New business models, from companies such as TransferWise and Revolut, have transformed the cross-border payments market over the last 5 years. They have thrust greater transparency onto the fees charged for foreign currency payments. Retail clients can now exchange and transfer currencies faster and cheaper from anywhere in the world. Although some entrepreneurs and small businesses have benefited from this innovation, a tremendous gap remains between the products and services they receive from their banks or FX brokers and what their larger business competitors receive from Corporate Banking divisions.
Currency Risks from B2B cross-border payments
Anyone who has traded goods and services internationally knows that cross-border trade is complex and payments are far more involved than for retail commerce. Most cross-border commerce remains business-to-business (B2B), and over 60% of such transactions in Western Europe are made on Open Account terms - where the buyer is obliged to pay the seller a pre-agreed number of days after being invoiced.
As a consequence, from the moment the foreign currency invoice is booked and until it is paid, the business has to absorb moves in foreign currency exchange rates. For example, a British buyer paying a French supplier could suffer unnecessary costs if the Euro appreciates against Pound Sterling. Such a loss would show up as a foreign exchange loss in their income statement unless they are able to protect themselves against this risk. Whether exchange rates are simply satisfactory or offer an attractive opportunity to buy or sell abroad with greater margins, waiting to convert at a payment date can result in opportunity costs.
Average 45 days of wait in UK B2B trade
Most small businesses, whether dealing with their high-street banks or neobanks, will have to wait until the payment date to convert foreign currencies. They can avoid this if they have foreign currency accounts and have the spare working capital to buy and hold cash balances in multiple currencies. However, this is highly inefficient for most small businesses and constrains their ability to grow. Much can change in the currency world over a 45 day period and unexpected currency losses are often the result; 67% of small and medium-sized businesses (SMEs) surveyed by Bibby Financial Services in 2017 said they were adversely affected by the currency moves.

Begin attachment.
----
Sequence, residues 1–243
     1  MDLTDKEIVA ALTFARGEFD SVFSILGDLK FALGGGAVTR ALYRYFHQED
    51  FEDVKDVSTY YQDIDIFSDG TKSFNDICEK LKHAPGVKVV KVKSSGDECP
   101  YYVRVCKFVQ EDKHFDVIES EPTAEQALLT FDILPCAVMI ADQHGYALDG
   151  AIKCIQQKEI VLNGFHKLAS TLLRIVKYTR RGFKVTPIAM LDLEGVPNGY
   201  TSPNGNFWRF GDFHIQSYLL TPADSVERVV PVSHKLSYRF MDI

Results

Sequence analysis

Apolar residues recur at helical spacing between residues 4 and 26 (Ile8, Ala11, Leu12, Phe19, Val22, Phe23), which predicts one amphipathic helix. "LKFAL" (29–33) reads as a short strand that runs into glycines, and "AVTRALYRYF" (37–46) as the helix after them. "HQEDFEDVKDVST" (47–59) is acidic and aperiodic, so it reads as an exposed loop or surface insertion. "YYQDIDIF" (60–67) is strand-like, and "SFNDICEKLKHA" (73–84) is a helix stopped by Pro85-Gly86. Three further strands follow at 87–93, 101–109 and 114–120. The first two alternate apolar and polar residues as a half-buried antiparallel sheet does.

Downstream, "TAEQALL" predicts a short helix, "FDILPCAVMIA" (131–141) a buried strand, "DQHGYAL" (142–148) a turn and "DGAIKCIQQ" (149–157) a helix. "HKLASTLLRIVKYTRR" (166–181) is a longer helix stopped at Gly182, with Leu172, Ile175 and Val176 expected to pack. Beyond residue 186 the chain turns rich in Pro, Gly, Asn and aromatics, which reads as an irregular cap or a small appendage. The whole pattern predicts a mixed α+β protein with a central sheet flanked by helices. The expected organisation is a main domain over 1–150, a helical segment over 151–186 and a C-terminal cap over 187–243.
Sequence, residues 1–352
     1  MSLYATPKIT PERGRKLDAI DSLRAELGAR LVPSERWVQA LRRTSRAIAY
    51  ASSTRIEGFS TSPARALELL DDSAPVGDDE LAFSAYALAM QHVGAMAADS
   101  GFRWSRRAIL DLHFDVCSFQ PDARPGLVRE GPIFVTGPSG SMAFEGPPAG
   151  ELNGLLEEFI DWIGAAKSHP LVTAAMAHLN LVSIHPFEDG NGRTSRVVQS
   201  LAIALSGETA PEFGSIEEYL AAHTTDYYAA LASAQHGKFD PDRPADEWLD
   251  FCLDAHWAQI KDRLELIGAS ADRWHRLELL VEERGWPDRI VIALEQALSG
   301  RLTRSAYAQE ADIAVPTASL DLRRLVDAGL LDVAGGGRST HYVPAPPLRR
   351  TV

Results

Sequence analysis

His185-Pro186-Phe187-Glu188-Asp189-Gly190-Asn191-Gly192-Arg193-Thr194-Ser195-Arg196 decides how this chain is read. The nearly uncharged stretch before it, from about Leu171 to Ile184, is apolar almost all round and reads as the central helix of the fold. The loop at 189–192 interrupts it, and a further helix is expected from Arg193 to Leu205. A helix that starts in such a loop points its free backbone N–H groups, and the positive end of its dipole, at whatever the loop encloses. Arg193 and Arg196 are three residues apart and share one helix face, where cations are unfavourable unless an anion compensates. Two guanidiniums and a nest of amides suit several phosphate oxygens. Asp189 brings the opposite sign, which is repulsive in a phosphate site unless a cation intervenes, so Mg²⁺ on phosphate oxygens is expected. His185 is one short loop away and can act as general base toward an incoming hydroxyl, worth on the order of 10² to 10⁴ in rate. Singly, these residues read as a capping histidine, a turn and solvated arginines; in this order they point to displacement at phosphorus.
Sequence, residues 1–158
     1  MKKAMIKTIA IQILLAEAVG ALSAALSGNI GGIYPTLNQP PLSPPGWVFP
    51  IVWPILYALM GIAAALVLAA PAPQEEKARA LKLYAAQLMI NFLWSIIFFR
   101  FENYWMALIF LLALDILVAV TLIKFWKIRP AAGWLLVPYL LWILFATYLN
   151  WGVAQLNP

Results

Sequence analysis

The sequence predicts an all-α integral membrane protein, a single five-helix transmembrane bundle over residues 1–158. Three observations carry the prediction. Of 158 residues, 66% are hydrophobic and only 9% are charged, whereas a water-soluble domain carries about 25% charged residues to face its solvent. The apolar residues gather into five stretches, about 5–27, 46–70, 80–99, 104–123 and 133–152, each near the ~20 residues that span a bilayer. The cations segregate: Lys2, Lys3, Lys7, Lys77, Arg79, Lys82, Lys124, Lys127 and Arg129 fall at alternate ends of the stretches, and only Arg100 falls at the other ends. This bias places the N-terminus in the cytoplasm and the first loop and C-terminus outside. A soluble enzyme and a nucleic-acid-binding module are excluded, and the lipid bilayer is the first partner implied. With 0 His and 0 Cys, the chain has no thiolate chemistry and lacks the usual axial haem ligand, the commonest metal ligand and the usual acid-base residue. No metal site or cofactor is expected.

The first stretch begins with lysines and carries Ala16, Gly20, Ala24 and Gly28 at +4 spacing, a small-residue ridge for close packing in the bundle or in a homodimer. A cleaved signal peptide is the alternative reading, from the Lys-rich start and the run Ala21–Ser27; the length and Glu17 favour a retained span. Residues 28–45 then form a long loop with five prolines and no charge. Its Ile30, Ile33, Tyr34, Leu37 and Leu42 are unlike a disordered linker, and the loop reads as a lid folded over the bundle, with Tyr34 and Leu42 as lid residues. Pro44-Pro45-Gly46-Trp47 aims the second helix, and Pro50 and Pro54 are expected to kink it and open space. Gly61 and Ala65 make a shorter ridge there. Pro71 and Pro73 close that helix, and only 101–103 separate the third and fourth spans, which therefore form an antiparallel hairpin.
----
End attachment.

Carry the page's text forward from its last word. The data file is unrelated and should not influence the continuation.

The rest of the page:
It is common practice for larger businesses to mitigate these risks. A Barclays survey found that 71% of multinational companies with a turnover under £1bn hedged their currency risks. For those with a turnover over £1bn this figure rose to 86%.
Unfortunately, most SMEs rarely have the tools to estimate how much risk they take due to currency movements. Even when they know and understand the risks,and choose to mitigate them, they lack easy access to affordable products to do so.
An easy way to estimate FX risks
HedgeFlows’ FX risk analyzer tool is a unique product for SMEs. It allows anyone to estimate the uncertainty that arises from not knowing the FX rate on the day when foreign cashflows will be exchanged.
HedgeFlows uses historical data from the Bank of England to calculate a hypothetical impact from foreign currency risk (due to currency rate changes between invoice and payment dates) so mimicking a client's trade contract. In financial markets history has often served as a good starting point to predict the future; similarly, HedgeFlows' FX risk analyzer tool can look at what happened to exchange rates over similar periods in the past to give a prediction for future risk.
Over very short periods of a few days, currency moves are relatively tame and are of little concern to most businesses. However, it is important to estimate how far a currency could move should worst case scenarios repeat themselves, especially when geopolitical situations are on the horizon.
For example, in our scenario of a Euro payment by British buyers, we are interested in how much more the payment would cost in extreme cases. In the worst case, such as in 2009, the payment would have cost almost 20% more. Furthermore, for every one in five past cases the payment lost 3% or more. If a small business wishes to avoid a 3% or greater loss in margins, it should evaluate the option of fixing its currency rates now to avoid such a loss:
Most of the time currency moves over shorter periods are relatively tame and would cause little concerns to most businesses. It is important however to estimate how far the currency could move should less frequent scenarios repeat themselves, especially when similar situations are on a horizon.
For instance, in our case of EUR payment by British buyers, we are interested how much more the payment can cost in extreme cases. It turns out that in the worst case (in 2009) such payment costed almost 20% more, and on one in five occasions in the past, such payment could lose 3% or more. If 3% loss is a concern for your own business margins, you can see when such moves happened in the past and evaluate if it likely to happen again: